15.52 Powers Of Attorney

15.52.1

In General

A "power of attorney" is a written instrument by which a person (the "principal") appoints another as agent (the "attorney in fact") and confers upon the agent the power to perform certain specified acts on behalf of the principal.

A power of attorney creates an agency relationship, with the giver of the power remaining the legal owner of any property involved. A power of attorney may be general or special.

15.52.2

Types Of Power Of Attorney

General

A power of attorney which confers authority to execute certain real estate transaction without specifications of any particular property or without any power limitation.

Special

A power or attorney which authorizes the execution of a specified real estate transaction or establishes certain power limitations.

Durable or Continuing

Certain jurisdictions recognize the existence of "durable" or "continuing" powers of attorney. It is one which continues to be valid though the principal has become incompetent and allows (in some states) the attorney-in-fact to continue to bind the principal's estate even though the principal is deceased, if the party relying upon the power has no notice of the principal's death.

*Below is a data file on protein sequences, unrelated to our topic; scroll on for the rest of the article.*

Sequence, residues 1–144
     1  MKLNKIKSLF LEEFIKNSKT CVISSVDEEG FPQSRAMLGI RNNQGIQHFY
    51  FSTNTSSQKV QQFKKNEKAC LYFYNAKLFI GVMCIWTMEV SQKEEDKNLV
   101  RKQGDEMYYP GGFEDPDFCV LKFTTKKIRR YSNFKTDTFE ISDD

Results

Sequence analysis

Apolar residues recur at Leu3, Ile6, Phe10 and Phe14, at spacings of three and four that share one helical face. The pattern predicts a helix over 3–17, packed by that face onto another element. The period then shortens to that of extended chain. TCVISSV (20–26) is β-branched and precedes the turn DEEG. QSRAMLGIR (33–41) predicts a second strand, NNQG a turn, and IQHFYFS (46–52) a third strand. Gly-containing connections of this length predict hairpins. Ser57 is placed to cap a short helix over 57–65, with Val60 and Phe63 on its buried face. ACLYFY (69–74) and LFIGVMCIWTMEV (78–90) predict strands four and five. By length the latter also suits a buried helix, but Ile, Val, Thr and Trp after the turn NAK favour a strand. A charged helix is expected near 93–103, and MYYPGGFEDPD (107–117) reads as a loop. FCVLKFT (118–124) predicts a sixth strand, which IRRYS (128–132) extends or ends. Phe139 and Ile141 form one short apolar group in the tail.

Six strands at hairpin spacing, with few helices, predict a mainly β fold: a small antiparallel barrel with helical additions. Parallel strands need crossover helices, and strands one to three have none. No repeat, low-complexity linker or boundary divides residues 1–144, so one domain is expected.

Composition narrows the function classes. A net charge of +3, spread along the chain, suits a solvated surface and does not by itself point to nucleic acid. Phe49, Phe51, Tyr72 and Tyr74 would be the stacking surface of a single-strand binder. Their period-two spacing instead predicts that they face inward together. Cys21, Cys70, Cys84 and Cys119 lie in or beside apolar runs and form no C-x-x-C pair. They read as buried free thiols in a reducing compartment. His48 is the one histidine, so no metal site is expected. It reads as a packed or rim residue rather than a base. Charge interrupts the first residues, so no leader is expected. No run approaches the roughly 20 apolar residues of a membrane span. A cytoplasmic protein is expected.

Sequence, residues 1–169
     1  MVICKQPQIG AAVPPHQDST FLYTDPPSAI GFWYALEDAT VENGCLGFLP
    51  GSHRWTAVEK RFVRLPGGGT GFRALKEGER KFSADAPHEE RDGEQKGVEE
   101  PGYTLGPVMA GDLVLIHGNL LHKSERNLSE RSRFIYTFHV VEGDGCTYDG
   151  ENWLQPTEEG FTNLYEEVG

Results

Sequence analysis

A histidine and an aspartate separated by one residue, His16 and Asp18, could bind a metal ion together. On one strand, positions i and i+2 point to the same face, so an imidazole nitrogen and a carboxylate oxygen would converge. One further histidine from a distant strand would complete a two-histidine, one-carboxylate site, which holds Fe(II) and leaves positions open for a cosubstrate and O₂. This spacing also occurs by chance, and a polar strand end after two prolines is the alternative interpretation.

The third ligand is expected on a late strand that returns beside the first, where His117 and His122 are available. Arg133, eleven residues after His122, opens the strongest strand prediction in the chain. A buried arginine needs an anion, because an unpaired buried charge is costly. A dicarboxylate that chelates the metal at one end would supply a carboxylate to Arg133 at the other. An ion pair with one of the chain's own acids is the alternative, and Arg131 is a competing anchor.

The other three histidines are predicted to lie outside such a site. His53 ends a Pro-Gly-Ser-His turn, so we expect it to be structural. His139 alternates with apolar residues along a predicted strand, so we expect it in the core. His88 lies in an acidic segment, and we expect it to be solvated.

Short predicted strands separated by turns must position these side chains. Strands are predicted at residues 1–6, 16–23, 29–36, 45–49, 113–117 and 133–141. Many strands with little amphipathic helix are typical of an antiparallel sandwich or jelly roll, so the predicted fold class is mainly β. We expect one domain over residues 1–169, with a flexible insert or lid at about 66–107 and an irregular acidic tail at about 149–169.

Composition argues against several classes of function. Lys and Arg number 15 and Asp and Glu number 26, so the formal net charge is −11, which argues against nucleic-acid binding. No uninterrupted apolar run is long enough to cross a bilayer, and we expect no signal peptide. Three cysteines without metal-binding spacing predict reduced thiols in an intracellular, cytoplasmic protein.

15.52.3

Construing The Language Of A Power Of Attorney

The exact wording of power of attorney in so far as it authorizes any particular act affecting the property should be carefully examined even though it purports be a "general" power.

In this respect, the following are some generally accepted interpretations of the language in a power of attorney:

  • Power to sell is not a power to convey.
  • Power to transfer is not a power to mortgage.
  • Power to sell and convey is not authority to exchange.
  • Power "to make and execute conveyances" authorizes a transfer or real estate, but a power "to attend to all business affairs appertaining to real or personal estate" is too indefinite.
  • Power to "negotiate" a lease does not authorize the execution of a lease by the attorney-in-fact. Neither does a mere power to sell, without further authorization, ordinarily authorize the execution of a contract or sale.